The BSSA, like all other Bible Societies, is ecumenical in that it serves all who want Bibles, irrespective of their beliefs and denominations, religious orders or faith communities. It also raises funds for the translation of the Bible. Since 1857, it has succeeded in sponsoring the translation of the Bible in all eleven official languages of South Africa.

Smit thanked the Bible Society for its work with regard to the translation of the Bible. He said it was very important to provide the Bible in the original languages to students for their studies as well as in our indigenous languages. ‘It is important to train indigenous language speakers to translate the Bible in our languages. Since they understand indigenous cultures from within, they are the best suited to translate the Bible.’

In this regard, Smit also thanked Dr Gosnell Yorke from the Programme in Biblical and Historical Studies for inviting the Bible Society as well as for his leadership and contribution to the training of future translators of the Bible. ‘Since culture develops, it is a never ending task to continue to translate the Bible into the local languages,’ said Smit.

Yorke, who is retiring soon, has organised annual visits of the Bible Society of South Africa (BSSA) to the SRPC. He served as translation consultant with the global United Bible Societies (UBS - Africa Area) from 1996 to 2006 and in academia in North America (Canada and the USA), the Caribbean (Jamaica) and here in Africa (including UKZN) for more than 30 years (1981-2013).

 Inside the school, Yorke has facilitated donations of the Bible in the original languages to both staff and students of the school (including Classics), as well as the partners from the Cluster of Theological Institutions, ie Lutheran Theological Institute, Seth Mokitimi Methodist Seminary, St. Joseph’s Theological Institute, The United Congregational Church of South Africa, the Anglican House of Studies, and the Evangelical Seminary of Southern Africa.

More recently he also facilitated access for Biblical Studies students, to the most sophisticated Bible Translation software programme available, PARATEXT 7.0. The programme helps students gain a keener appreciation of the cultural, exegetical, theological and other intricacies involved in the translation of the Bible into the various African languages.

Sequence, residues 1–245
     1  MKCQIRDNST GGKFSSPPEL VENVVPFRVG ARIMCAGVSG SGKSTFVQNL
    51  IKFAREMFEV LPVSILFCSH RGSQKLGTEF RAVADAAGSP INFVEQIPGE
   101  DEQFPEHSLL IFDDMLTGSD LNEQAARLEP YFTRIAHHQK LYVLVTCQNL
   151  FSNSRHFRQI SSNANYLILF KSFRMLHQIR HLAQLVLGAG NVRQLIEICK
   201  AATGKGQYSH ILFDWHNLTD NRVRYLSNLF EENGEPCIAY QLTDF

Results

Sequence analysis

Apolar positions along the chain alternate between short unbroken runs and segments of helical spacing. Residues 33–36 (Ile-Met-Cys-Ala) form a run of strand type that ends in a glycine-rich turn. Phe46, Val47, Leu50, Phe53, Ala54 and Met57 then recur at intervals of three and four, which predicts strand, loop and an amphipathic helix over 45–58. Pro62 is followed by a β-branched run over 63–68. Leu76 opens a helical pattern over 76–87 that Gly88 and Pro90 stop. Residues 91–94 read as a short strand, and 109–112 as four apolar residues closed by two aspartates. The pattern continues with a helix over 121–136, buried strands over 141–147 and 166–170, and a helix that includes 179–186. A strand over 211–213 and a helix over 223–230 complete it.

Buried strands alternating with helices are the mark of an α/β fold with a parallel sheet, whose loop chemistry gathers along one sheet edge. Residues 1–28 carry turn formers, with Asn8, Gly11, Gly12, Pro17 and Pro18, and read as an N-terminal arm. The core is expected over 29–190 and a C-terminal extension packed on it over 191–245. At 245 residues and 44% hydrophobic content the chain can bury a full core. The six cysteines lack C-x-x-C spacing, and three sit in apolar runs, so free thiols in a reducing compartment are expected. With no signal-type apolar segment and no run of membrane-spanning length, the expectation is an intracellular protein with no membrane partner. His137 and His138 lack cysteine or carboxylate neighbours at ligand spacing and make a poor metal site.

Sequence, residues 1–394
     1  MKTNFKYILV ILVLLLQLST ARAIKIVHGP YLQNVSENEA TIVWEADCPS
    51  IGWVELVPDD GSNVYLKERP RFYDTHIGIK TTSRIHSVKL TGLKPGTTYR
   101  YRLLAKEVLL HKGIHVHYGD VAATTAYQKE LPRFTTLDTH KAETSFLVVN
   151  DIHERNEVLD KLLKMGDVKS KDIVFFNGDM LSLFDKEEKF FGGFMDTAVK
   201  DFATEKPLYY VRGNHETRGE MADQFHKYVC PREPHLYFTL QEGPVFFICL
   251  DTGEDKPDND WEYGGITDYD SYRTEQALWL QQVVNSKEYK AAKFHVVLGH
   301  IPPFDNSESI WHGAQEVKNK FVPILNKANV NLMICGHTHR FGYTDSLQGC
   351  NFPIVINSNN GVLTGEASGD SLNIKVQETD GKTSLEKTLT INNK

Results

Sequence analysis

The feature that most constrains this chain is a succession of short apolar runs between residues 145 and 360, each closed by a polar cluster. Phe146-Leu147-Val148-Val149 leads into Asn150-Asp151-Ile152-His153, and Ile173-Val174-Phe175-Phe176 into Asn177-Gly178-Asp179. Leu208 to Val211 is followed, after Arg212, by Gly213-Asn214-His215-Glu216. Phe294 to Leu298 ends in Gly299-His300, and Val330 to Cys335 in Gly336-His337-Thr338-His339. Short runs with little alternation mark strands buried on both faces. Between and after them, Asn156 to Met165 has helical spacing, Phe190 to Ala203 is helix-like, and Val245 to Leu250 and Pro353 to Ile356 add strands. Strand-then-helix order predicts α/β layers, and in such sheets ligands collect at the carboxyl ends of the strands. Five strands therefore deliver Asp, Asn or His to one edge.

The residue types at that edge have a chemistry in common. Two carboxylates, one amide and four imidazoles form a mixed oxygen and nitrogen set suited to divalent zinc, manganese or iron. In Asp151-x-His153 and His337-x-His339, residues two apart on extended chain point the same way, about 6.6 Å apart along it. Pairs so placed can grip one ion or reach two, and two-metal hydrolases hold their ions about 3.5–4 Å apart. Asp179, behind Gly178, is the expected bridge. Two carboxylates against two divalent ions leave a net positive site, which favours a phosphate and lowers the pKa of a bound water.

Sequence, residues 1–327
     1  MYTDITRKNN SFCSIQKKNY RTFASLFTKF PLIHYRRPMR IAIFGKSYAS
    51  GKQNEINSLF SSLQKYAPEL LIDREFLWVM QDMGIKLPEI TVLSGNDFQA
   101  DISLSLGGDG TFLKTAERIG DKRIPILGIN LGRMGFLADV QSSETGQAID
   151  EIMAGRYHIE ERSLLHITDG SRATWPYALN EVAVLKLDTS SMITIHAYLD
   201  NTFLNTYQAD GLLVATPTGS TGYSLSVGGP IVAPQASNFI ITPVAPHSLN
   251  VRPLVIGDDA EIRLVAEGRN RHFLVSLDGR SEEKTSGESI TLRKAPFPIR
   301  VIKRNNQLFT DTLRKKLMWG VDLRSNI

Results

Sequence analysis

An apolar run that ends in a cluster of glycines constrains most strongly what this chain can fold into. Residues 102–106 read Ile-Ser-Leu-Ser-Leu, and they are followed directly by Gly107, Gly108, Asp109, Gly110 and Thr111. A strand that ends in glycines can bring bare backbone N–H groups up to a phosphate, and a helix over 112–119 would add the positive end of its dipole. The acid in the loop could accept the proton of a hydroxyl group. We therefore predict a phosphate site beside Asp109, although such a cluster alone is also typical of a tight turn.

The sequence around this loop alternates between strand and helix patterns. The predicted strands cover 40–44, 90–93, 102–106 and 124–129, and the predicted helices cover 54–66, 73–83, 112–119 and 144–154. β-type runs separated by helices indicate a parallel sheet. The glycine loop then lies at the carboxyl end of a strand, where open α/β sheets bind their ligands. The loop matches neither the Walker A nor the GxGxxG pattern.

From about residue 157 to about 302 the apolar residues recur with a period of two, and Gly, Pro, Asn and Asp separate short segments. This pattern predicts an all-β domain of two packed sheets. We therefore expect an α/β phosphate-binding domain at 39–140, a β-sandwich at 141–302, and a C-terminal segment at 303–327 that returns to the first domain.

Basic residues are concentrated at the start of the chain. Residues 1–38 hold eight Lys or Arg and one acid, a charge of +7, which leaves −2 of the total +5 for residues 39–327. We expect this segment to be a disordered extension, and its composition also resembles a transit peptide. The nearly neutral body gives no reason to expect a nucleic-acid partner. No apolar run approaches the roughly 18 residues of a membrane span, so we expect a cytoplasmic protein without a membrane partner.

Yorke said: ‘I consider such initiatives important since they are entirely consistent not only with the National Development Plan (2011) which, among other things, calls for the on-going intellectualisation of African languages but is also in keeping with UKZN’s Language Policy which is meant to further valorise such languages—isiZulu or any other—not to mention UKZN’s commitment to be the Premier University of African Scholarship.’

In thanking Yorke for his selfless service to UKZN, Professor Smit also pointed to his contributions on the African Indigenous Knowledge Systems Committee as well as his developing of relations between the Caribbean and Africa.

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Three students teamed up to compete in the 3rd Annual Glenwood High School Gordon Murray Downhill Challenge as part of their final-year Mechanical Engineering project.

Phase one of the project produced a kart “built to race under the influence of gravity”. The next step is to design the kart so that it is powered by a “green” machine - a fully electric motor.

The race is named after Professor Gordon Murray, a Glenwood High Old Boy and renowned designer of Formula One race cars and the McLaren F1 road car. One of the primary aims of the challenge is to encourage not only science as a subject but also automotive engineering as a career.

The UKZN team consisted of engineering students Mr Kasheel Goberdhan, Mr Akhil Gangaram and Mr Killian Nair. They were supervised by Professor Glen Bright, Ms Fiona Leverone and Mr Vince van Erk.

All the members are avid car enthusiasts and the project gave them an opportunity to explore the design and construction process of a vehicle.

In terms of designing and manufacturing the vehicle, the team experienced some challenges such as the sourcing of components, modification, and perfecting the braking and steering systems. Mr Roland Koch, Technical Manager in the School of Engineering, explained that ‘the UKZN entry had a technically advanced suspension and breaking system’.

The team ended up first in their division and second overall.

‘The project has been exciting and fun,’ said Gangaram. ‘There is a lot of potential out there and a lot of competition which we can’t underestimate. But we are confident our research will pay off.  Our entry is a good advertisement for UKZN Mechanical Engineering.’